Nearly a year after John Deasy reportedly threatened to resign as Los Angeles' superintendent, new rounds of conflict make clear that relationships among those in charge of running the nation's second largest school district are frayed.
This is the second straight year in which the number of schools failing to receive accreditation increased, a slide that began after the state enacted tougher assessments.
The school districts are asking the state to pay them about $134 million, funds they say are owed to them under the Mississippi Adequate Education Program. The program, which provides money to poorer districts for teachers' salaries and retirement, textbooks, and building maintenance, has been fully funded only twice since it passed the legislature in 1997.
The New York City Leadership Academy has designed an internal review process that districts can use to judge the strengths and weaknesses of coaching and mentoring programs for principals.
The seven districts—including Fresno, Long Beach, Los Angeles, Oakland, San Francisco, Sanger, and Santa Ana Unified School Districts—have work to do on their accountability system as well as teacher and principal evaluation guidelines.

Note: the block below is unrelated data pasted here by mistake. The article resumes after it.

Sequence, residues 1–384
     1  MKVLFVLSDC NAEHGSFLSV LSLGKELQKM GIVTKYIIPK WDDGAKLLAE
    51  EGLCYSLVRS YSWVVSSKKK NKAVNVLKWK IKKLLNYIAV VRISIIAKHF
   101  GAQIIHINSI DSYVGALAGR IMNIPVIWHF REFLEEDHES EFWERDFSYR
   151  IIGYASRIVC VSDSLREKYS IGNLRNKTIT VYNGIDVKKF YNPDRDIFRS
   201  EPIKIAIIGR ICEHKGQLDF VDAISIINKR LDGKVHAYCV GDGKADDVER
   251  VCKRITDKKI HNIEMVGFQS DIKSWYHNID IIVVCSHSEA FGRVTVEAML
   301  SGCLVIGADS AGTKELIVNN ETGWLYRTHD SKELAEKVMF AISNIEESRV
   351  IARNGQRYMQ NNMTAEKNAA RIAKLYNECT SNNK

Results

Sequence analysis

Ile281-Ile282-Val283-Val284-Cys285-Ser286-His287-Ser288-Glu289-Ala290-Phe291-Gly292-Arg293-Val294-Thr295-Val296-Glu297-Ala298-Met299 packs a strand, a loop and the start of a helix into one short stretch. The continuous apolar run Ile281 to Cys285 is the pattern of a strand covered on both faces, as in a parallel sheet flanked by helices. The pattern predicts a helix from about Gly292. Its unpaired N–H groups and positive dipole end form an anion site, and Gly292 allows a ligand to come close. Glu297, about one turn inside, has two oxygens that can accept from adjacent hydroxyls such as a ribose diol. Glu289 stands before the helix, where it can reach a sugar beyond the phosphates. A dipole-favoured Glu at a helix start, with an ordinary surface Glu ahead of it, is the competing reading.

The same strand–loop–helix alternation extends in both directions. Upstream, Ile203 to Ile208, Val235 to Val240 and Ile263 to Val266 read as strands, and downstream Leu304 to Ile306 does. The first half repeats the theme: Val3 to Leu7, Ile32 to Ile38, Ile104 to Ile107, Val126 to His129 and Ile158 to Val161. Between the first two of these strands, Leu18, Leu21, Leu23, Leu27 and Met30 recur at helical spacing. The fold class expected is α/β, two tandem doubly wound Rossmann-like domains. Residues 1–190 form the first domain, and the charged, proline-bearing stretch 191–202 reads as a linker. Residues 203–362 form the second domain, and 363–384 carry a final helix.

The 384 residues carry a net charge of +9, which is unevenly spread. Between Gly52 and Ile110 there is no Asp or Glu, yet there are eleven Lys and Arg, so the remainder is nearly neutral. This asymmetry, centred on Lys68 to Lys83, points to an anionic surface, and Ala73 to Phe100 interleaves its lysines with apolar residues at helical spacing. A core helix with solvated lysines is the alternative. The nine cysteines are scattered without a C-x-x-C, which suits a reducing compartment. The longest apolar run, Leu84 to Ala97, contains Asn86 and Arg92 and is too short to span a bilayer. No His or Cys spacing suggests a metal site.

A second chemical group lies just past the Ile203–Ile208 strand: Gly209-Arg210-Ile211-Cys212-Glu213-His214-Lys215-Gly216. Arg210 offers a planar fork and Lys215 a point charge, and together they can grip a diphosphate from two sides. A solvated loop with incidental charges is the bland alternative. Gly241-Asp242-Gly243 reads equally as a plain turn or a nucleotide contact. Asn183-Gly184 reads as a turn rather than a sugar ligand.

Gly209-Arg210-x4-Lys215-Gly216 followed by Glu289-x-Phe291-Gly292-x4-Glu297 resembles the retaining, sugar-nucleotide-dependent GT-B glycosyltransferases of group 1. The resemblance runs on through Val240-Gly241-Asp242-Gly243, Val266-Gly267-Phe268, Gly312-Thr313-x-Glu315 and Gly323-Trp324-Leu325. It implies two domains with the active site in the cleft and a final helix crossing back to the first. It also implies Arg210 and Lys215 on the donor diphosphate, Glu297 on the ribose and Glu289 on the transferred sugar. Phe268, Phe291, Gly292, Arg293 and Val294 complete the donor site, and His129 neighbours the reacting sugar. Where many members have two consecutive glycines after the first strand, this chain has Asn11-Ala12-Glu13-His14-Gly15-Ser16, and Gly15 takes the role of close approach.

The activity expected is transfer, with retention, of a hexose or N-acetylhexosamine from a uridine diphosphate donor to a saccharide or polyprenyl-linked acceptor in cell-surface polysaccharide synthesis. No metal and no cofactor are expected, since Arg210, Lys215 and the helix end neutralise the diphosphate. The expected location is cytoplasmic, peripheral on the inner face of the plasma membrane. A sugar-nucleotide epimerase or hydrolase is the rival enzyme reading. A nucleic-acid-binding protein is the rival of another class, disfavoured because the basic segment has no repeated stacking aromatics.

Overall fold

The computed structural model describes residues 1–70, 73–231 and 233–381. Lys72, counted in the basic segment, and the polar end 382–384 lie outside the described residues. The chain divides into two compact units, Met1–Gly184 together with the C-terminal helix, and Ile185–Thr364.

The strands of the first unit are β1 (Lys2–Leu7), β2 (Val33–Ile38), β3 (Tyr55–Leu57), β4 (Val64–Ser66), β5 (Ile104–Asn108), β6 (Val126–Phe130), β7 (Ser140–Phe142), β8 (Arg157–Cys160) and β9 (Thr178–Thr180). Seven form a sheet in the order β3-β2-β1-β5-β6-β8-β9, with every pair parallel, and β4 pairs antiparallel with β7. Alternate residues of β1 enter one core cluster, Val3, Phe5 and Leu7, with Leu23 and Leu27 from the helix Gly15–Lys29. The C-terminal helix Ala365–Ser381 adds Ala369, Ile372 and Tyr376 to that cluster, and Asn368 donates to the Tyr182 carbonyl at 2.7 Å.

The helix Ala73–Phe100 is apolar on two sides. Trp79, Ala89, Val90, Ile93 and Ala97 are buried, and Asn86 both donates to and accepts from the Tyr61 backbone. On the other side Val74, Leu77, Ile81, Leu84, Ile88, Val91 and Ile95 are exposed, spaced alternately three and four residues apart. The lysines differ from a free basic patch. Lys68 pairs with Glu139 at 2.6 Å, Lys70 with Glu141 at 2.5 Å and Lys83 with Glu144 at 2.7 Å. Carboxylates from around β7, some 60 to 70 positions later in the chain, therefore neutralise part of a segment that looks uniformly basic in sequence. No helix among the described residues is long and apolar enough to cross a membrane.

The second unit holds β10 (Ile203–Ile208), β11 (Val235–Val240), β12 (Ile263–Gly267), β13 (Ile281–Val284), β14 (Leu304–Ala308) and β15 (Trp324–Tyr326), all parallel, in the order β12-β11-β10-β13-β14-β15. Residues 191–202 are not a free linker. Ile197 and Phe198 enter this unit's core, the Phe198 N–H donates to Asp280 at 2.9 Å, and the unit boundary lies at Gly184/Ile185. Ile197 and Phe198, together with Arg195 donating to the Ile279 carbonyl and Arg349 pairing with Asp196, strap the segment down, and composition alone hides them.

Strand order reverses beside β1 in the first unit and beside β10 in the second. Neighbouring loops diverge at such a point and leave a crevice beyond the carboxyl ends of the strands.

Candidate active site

The new Interstate School Leaders Licensure Consortium Standards, which heavily emphasize instructional leadership, community and family engagement, and cultural awareness were revised using empirical research on school leadership and the experience of practitioners, including principals and superintendents.
John Deasy, under scrutiny for his own communications with technology companies, has filed a public records request seeking information about school board members' correspondence with vendors.
After a very public spat that dragged on through much of the winter, New York City Mayor Bill de Blasio has agreed to provide space for four charter schools in district-run schools. Under the law, the district can either provide the space for charter schools or pay for the charter schools to use private space.
The Robert Wood Johnson Foundation is partnering with regional philanthropies to fund efforts that support African American, Latino, and Native American boys and young men living in the South and Southwest.
The state's takeover of the struggling St. Louis-area district was meant to staunch the flow of students to other districts, but a local court ruling is allowing the transfers to continue.